Review: Apple iPhone SE
Pros: A smaller, lighter iPhone. Reasonably priced. Users with smaller hands should find it easy to use. Familiar 5s design is still an attractive winner. Upgraded internals (A9, M9, 2GB of RAM) allow phone to leap past the iPhone 5s and compete with the iPhone 6/6 Plus — it’s faster than you might expect. Camera is largely on par with iPhone 6s. Battery life is excellent. Has no issues with running newest iOS update at this point, and shouldn’t for a while.
Cons: Smaller phone means smaller display. Not introducing any new technology. No 128GB option, and we wouldn’t recommend the base 16GB option to anyone at this point. No 3D Touch. Outdated FaceTime camera. Onscreen keyboard harder to use for those with larger hands. Slower Touch ID. Standard LTE/no MIMO Wi-Fi.
Though some may have been skeptical regarding last autumn’s rumors about Apple making a new iPhone with a 4” display, that skepticism shouldn’t have lasted for too long. After all, how many times have you heard friends or family members expressing their own skepticism upon seeing the larger sizes of the iPhone 6/6 Plus or iPhone 6/6s Plus — comments such as “how do you use that?” Or “does it fit in your pocket?” While we’ve found for us that the answers to these questions are generally “easily,” and “fine,” some users either can’t get past the size of the larger iPhones, or simply prefer a smaller, more pocketable, less visually invasive smartphone. Or a cheaper smartphone. Enter the iPhone SE.
The new 4” iPhone was originally rumored — or maybe assumed — to be named the iPhone 6c, which made sense, considering the past iPhone 5c’s positioning as a sort of “alternate” iPhone. But reports noted that the body would be metal, not plastic, and perhaps Apple wanted to distance itself from that fading plastic memory. Eventually the true name came out. While we were expecting something more like the iPhone 6 mini, after seeing the iPhone, we understand the SE name a bit more. It’s not a perfect moniker — throwing “S” in there might confuse some folks — but it’s workable.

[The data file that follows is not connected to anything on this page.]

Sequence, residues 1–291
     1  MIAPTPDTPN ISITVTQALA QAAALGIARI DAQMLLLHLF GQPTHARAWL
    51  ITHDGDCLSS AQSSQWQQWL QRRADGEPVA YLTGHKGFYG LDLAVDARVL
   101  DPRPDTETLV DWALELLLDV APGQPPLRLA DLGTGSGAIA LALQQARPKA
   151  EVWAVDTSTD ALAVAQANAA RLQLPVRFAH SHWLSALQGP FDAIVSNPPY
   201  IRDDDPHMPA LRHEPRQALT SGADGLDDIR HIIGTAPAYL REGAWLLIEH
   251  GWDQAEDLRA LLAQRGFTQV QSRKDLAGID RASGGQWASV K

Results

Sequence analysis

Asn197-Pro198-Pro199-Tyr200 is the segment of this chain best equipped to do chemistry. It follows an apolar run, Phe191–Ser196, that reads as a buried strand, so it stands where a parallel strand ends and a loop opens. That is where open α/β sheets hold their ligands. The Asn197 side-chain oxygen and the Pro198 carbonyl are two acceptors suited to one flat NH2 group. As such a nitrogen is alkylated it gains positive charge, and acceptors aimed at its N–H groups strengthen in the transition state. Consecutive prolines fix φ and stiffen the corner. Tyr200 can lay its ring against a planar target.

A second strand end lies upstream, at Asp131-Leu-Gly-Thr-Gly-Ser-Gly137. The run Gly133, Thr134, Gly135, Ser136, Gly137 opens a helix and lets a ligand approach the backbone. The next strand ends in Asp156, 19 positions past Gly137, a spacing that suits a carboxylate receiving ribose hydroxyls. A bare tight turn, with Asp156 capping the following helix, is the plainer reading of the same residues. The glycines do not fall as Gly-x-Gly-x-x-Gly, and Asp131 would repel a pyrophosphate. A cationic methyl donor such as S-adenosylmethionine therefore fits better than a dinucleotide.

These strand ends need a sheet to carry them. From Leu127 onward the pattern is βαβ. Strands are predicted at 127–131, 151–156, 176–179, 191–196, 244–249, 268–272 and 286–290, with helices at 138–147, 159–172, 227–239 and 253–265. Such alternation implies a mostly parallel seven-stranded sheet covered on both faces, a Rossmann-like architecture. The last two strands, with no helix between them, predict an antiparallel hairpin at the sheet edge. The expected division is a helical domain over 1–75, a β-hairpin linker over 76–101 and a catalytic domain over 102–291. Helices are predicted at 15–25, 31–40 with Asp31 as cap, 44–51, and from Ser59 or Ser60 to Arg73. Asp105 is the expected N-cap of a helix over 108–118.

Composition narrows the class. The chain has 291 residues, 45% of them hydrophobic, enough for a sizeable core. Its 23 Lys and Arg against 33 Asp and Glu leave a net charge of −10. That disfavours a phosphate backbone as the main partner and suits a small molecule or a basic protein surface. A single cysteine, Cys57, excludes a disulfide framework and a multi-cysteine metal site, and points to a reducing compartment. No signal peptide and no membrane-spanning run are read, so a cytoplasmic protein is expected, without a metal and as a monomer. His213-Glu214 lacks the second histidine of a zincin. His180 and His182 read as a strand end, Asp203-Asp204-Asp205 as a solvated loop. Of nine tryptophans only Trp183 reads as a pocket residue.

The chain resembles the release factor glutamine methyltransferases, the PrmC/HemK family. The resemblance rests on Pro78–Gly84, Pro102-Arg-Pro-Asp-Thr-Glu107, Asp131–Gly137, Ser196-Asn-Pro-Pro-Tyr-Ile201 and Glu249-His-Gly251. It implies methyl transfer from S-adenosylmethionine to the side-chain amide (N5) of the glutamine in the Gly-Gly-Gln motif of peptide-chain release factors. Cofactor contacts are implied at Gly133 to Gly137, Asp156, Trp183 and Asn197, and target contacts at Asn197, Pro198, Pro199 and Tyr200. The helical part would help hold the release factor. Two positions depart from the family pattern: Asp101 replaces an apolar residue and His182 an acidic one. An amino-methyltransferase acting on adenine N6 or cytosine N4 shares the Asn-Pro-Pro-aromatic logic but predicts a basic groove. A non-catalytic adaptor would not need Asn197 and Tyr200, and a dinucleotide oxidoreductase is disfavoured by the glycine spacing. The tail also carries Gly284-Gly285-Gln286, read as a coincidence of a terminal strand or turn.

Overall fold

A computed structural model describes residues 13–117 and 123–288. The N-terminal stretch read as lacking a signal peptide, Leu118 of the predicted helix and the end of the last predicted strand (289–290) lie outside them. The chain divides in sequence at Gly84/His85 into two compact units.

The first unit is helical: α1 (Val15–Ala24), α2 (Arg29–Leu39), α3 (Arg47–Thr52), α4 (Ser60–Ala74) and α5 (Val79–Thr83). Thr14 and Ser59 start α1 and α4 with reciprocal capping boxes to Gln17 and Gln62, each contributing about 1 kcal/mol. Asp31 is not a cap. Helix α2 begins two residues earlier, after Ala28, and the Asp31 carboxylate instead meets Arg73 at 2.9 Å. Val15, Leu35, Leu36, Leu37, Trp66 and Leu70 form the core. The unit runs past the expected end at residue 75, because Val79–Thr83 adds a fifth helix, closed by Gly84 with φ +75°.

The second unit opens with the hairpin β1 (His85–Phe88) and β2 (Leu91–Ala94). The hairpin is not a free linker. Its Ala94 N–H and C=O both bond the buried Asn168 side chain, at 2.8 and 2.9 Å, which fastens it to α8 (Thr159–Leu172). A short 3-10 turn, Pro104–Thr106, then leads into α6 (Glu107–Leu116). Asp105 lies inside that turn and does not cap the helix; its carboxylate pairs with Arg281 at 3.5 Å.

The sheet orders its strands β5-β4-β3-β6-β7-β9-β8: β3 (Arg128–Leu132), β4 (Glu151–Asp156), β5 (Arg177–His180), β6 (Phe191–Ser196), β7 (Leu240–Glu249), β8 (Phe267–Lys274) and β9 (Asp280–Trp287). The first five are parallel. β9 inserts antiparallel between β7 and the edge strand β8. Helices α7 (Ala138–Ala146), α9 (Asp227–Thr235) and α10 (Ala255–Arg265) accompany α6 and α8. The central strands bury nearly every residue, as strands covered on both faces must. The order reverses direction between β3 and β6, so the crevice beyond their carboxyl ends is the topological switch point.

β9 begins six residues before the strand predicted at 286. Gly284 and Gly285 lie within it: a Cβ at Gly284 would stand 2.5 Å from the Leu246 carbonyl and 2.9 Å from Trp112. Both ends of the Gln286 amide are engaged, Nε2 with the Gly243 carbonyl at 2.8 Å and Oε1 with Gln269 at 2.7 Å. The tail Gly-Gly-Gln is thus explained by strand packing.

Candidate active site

iPhone SE ($399/16GB, $499/64GB) is technically a new phone, sure, but really it’s a bit of a FrankeniPhone, pulling parts from all sorts of other past iPhones, as early teardowns have revealed. That’s a smart move by Apple, and it’s something that may work for consumers, as well — it’s not like the parts can’t work together.
In the following pages, we run down the ins and outs and pros and cons of Apple’s newest iPhone. Though the SE certainly could be seen as a relatively “safe” purchase — considering its lower price and modest size — we’ll try to figure out the most notable benefits. Along the way, we also to hope to shed more light on the idea of downsizing, as a significant number of iPhone 6/6s/Plus users have considered doing.